Favorite

STRANGER THAN FICTION

Stranger Than Fiction has been promoted as offering a different kind of Will Ferrell just as The Truman Show was pushed as offering a different kind of Jim Carrey and Punch-Drunk Love was sold as offering a different kind of Adam Sandler. What this means in all instances, of course, is that the comedian is toning down the patented schtick a bit -- not exactly the same as tackling a role that’s equal parts Hamlet, Willy Loman and Stanley Kowalski. Still, Carrey and Sandler both passed the test, and so does Ferrell. The actor’s obnoxious characters have always distracted us from the fact that he’s blessed with deep, soulful eyes, and this physical attribute here lends the proper degree of puppy dog demeanor to his role as Harold Crick, an IRS agent whose dull life is marked by rigid routine. The twist follows that Harold, in addition to living his own life, also inadvertently becomes the lead character in a book being written by reclusive author Kay Eiffel (Emma Thompson, doing distracted well), and soon Harold begins to hear Kay’s voice in his head as she uncannily narrates all the minute details of his life. For help, Harold turns to a literature professor (a very funny Dustin Hoffman) who might be able to help him track down the source of the voice and ascertain whether he’s trapped in a comedy, in which case a happy ending is just around the corner, or a tragedy, in which case death will come knocking. Despite the innovative premise, the script by Zach Helm never matches the existential, mind-bending depths of, say, Eternal Sunshine of the Spotless Mind or I Heart Huckabees. This remains a resolutely mainstream offering, with flights of fancy that lightly tickle the brain but never really challenge it.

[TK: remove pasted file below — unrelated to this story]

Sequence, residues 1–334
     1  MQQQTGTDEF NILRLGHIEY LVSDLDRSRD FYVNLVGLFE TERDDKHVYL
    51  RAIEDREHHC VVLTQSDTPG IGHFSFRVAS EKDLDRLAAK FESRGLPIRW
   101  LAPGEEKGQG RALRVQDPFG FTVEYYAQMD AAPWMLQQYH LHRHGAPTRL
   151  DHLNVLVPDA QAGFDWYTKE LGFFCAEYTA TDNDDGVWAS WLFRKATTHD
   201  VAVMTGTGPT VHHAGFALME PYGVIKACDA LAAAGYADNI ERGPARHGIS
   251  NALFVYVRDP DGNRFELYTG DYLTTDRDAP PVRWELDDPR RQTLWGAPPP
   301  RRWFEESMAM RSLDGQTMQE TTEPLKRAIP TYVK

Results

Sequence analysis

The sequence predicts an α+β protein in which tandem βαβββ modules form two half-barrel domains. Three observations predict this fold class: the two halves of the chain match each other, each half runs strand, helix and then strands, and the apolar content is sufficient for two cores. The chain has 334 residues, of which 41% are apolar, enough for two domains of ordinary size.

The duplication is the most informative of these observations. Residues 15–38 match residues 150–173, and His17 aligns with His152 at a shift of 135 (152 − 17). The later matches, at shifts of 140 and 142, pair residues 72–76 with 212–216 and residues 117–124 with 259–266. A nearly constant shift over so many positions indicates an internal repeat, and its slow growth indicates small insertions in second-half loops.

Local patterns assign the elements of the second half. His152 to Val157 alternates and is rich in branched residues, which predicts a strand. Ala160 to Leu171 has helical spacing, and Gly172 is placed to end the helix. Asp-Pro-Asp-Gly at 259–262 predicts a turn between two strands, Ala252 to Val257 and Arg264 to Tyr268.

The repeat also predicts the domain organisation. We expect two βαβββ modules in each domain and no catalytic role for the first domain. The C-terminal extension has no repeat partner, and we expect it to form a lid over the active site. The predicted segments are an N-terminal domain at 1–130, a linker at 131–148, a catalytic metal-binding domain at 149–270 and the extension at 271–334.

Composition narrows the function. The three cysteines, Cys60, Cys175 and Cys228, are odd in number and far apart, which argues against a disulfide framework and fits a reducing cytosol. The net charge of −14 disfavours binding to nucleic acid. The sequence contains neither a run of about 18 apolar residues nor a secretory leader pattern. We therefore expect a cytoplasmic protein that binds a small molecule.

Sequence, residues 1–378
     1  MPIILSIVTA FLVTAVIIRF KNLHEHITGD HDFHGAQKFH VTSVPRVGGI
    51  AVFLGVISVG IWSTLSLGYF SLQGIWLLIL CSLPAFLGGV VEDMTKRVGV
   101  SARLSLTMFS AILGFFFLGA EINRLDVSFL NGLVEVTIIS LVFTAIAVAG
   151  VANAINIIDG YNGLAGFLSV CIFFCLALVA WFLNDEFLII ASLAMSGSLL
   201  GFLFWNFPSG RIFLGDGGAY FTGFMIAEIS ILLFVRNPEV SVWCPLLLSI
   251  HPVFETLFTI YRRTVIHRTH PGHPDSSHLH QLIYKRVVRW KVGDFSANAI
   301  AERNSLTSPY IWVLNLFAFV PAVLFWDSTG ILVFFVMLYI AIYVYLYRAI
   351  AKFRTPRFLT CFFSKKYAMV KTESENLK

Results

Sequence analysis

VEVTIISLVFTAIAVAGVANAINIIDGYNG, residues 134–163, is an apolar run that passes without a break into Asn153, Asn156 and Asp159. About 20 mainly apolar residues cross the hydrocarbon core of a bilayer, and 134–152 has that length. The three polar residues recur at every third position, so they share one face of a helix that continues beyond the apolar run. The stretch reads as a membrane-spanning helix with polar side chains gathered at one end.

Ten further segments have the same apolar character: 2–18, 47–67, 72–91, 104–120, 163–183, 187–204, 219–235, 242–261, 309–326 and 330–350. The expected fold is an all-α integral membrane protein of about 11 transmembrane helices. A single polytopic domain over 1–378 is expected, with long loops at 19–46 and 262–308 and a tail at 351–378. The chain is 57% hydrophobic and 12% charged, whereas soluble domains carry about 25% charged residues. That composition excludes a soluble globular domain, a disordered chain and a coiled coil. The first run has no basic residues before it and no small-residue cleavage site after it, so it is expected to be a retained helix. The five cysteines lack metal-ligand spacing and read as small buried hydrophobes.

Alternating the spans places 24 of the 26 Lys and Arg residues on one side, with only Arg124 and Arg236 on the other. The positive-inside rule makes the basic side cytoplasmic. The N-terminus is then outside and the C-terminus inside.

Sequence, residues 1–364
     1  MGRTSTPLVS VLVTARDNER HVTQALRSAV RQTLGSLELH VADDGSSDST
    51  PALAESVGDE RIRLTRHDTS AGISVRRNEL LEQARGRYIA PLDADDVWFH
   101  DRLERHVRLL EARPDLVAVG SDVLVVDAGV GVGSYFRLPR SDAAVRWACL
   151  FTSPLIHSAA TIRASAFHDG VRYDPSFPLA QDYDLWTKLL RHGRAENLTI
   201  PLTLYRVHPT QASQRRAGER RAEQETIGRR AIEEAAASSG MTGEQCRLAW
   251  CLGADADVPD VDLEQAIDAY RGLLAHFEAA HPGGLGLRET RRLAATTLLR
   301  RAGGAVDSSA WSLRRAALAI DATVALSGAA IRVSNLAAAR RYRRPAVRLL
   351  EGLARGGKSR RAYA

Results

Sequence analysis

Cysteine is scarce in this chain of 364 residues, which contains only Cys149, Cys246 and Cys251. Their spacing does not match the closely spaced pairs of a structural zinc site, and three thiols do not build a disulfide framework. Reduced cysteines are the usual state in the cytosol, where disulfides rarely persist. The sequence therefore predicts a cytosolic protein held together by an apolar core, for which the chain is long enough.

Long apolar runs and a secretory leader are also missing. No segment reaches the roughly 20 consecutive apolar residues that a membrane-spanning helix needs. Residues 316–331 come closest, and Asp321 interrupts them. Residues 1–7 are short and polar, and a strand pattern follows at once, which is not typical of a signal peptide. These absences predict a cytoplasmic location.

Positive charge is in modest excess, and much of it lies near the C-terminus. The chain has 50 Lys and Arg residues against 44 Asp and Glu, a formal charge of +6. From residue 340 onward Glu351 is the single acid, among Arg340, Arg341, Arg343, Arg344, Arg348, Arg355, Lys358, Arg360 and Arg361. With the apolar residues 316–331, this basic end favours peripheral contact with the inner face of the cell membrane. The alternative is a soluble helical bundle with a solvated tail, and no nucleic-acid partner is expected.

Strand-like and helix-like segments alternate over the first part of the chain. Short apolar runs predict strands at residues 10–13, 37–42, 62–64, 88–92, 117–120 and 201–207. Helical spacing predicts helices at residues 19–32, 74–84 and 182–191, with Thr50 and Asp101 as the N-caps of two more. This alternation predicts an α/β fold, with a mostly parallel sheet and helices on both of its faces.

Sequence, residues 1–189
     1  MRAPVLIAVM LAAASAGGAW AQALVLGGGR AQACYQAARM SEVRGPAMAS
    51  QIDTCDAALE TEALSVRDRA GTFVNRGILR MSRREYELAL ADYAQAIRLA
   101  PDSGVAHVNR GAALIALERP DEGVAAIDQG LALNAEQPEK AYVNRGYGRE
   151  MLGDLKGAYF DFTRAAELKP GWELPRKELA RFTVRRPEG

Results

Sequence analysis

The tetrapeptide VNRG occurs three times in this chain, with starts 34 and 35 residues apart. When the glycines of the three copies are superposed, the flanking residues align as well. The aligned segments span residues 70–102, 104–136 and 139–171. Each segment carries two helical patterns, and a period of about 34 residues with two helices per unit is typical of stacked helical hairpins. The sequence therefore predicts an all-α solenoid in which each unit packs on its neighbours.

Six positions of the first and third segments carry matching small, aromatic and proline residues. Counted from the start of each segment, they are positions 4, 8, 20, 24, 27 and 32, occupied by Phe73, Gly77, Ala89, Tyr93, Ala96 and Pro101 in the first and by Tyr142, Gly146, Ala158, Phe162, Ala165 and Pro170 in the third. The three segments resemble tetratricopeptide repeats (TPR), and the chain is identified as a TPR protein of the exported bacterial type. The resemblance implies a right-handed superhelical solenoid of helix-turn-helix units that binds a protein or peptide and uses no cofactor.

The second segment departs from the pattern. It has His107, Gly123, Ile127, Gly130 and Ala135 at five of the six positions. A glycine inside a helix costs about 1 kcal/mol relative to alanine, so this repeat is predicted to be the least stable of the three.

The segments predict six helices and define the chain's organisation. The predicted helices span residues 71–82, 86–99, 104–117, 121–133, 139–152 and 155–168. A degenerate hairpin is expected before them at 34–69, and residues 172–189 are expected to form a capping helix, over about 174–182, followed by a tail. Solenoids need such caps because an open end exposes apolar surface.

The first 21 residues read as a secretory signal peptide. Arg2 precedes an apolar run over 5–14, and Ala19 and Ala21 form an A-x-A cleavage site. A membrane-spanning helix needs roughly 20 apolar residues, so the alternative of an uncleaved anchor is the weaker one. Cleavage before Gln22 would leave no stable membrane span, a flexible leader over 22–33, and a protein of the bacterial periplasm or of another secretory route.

Favorite

More by Matt Brunson

Comments

Subscribe to this thread:

Add a comment

Latest in Film Reviews

  • Review: The Promise
  • Review: The Promise

    The trio dominating this picture is a lackluster one, with Oscar Isaac, Christian Bale and Charlotte Le Bon unable to bring much dimension to their threadbare characters
    • Apr 18, 2017
  • Review: Fate of The Furious
  • Review: Fate of The Furious

    The Fate of the Furious wallows in inanities with about the same frequency as it delivers excitement, and, like the other two films that followed the series-best Fast Five, it largely succeeds as a breezy and engaging lark.
    • Apr 11, 2017
  • Review: Going In Style
  • Review: Going In Style

    The delicate balance between humor and pathos that informed the original has been replaced with broader gags and more blatantly manufactured sentiment.
    • Apr 4, 2017
  • More »

Movies This Week

More Filmtimes

or

Right Now On: Twitter | Facebook

Copyright © 2017, Connect Savannah. All Rights Reserved.
Website powered by Foundation